Tuesday, January 4, 2011

    A Great Year for Docs?

    There seems to be a lot of chatter about how good a year it was for docs, I'm still in the process of tracking down - and trying to understand - such claims, but here are a handful:
    • The recent NYT piece "A Strong Crop of Documentaries, But Rarely Seen"
    • HotDocs programmer Sean Farnel's blog post about this year having a "depth of excellence among this year's new crop of nonfiction films" and another post claiming "a depth of creativity in a benchmark year"
    • AJ Schnack's interview exchange with Alex Gibney where Schnack raises the issue - "a lot of people talk about this being a golden age of work" - almost in a way to distance himself from such a claim, though Gibney takes it up with: "we have been in a golden age for awhile"
    • Christopher Campbell at Cinematical asks the question (at the end of August) "Is 2010 the Best Year for Documentaries Ever? (and admits to having the feeling that it is) and then firms up at year's end with "[c]ould anyone have guessed this time last year that 2010 would be the best year for documentary ever?"
    • Benjamin R. Freed at claims "2010 was a remarkably strong year for documentaries."
    • Jay Cheel over at The Documentary Blog's year-end summation writes "[w]hile some argued this was a weak year for films, I found it pretty tough to narrow down my lists" - seeming to suggest a good year, right?
    • Charlotte Cook, also at The Documentary Blog, writes "2010 has been an incredible year for documentaires and I feel as though I've seen some of the documentaries I'll consider my favourites for many years to come."
     Two points.  First, as I suspect is obvious, I'm not so sure it was such a great year for documentaries. Granted, I'm not a voracious consumer as some of these folks are - notably, of course, Farnel - I saw around 30 of "this year's" docs, attending only TF10.  Second, and of more interest, is that none of the claims above are backed with any explanation of why they think it was such a good year - that is to say there is the lazy assumption that there were a lot of great docs.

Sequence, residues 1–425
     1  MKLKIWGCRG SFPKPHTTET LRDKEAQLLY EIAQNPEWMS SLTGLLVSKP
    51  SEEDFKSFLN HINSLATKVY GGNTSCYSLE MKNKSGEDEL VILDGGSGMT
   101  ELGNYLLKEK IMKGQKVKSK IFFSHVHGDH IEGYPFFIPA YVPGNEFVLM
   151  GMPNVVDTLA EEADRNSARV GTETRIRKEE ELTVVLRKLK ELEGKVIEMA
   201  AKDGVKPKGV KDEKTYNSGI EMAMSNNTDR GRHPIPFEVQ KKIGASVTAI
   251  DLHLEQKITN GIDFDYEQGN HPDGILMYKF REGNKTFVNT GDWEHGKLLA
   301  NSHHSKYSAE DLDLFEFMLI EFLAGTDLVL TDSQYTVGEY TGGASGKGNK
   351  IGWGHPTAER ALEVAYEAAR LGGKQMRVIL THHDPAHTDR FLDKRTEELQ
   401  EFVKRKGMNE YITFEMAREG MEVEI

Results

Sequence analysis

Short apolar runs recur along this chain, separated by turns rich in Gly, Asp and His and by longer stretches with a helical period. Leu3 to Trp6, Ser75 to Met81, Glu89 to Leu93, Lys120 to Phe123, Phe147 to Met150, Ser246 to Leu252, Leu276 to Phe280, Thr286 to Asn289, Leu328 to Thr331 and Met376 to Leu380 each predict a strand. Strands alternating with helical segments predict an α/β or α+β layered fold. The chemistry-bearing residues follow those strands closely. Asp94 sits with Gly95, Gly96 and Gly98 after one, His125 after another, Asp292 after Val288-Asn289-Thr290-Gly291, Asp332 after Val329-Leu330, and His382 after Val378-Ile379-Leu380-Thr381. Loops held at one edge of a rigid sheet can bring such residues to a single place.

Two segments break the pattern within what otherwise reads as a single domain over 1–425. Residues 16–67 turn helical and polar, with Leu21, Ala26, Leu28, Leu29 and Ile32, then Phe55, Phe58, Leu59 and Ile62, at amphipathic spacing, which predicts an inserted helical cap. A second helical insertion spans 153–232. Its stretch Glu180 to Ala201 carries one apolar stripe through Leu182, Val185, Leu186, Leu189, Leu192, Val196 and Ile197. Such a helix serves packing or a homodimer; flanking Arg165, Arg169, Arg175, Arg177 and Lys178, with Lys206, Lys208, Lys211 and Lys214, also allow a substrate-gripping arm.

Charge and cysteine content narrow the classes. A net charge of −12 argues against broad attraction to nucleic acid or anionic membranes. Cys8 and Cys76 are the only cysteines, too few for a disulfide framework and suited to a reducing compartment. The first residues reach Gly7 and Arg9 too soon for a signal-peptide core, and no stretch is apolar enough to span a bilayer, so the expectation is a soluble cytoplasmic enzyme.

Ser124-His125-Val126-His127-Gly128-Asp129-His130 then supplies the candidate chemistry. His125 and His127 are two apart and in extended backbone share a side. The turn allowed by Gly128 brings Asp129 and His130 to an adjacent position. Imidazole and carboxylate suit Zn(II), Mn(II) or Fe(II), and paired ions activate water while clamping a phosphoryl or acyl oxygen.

Michael Cieply's Times piece mysteriously lingers on box office returns, even though he quickly reveals that docs did not have a good year at the box office.  Freed pauses to describe why it is he likes several of the films, which is a start, but doesn't quite get to defending the claim.  Farnel's entries merely drop the claims and move forward.  It seems somewhat awkward to me the way Farnel quasi-dismisses the confluence of opinion of several titles as reportedly 'good' - as if he is positing a groupthink, or limited appraisal, is at work in crowning a limited number of titles.

    As a fairly serious fan of documentaries, I'd posit that the robust documentary festival culture has something to do with the impression that things are so good in the documentary world.  Even if there are only a couple of dozen docs that get fair distribution in big cities (WAITING FOR SUPERMAN as a year's best, really?), there is the buzz that there are many other title one ought to catch.  On the less positive side of the growth of a "doc community", I sometimes wonder how much of this appreciation is due to a desire to expand the marketplace via hype/excessive positivity and/or a desire to praise the work of one's peers/friends in a somewhat excessive manner.

    My skepticism about this being a banner year for documentary is tied to my less-than enthusiastic reception of several titles that are heralded as stand-outs, namely: LAST TRAIN HOME, THE OATH, RESTREPO, and  EXIT THROUGH THE GIFT SHOP.  Let me also be clear, I do think each of these titles are generally quite good, just not remarkable, or great.  My issue with these titles is that they, less-so EXIT, but still to a degree, are terribly conventional (and my issue with EXIT is that it feels terribly gimmicky, never a plus in my book).  If given a one sentence description of any of these films, it is likely that anyone would have a pretty good idea of the films' narrative arcs and general style.  They are well-told stories, told plainly.  RESTREPO should tell us something about what it means that embeded media is now an expected piece of any war effort; it should go beyond the cliché of soldiers losing innocence, and comrades.  Certainly the fact that Restrepo was fought for then abandoned is interesting, but I'm not sure it justifies the whole, or a claim to greatness of the whole.

    I'm not sure I envy the festival programmer that must consume hundreds upon hundreds of titles every year/season, but I am curious what kind of window that gives to the form.  What is it like to experience so many mediocre films (how does that effect what one considers great)?

    In a year that I probably paid more attention to documentary than I had in the past, I was quite happy with a handful of titles: DISORDER, 45365, UTOPIA IN FOUR MOVEMENTS, IT FELT LIKE A KISS, and even, more conventionally WASTE LAND and WILLIAM KUNSTLER, but only SWEETGRASS stands out as exemplary.  Some of them were quite flawed, but I'd nominate them as good representatives to exemplify the year's strength, at least at this point, without having revisited any of them.  Perhaps, like Charlotte Cook, I'd find more of these films standing out more than others from any given year, I just have my doubts.